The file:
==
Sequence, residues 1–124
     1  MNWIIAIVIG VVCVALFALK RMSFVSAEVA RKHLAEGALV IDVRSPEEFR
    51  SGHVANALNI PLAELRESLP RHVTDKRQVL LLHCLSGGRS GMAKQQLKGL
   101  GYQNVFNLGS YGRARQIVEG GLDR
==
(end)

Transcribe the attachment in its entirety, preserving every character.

Sequence, residues 1–124
     1  MNWIIAIVIG VVCVALFALK RMSFVSAEVA RKHLAEGALV IDVRSPEEFR
    51  SGHVANALNI PLAELRESLP RHVTDKRQVL LLHCLSGGRS GMAKQQLKGL
   101  GYQNVFNLGS YGRARQIVEG GLDR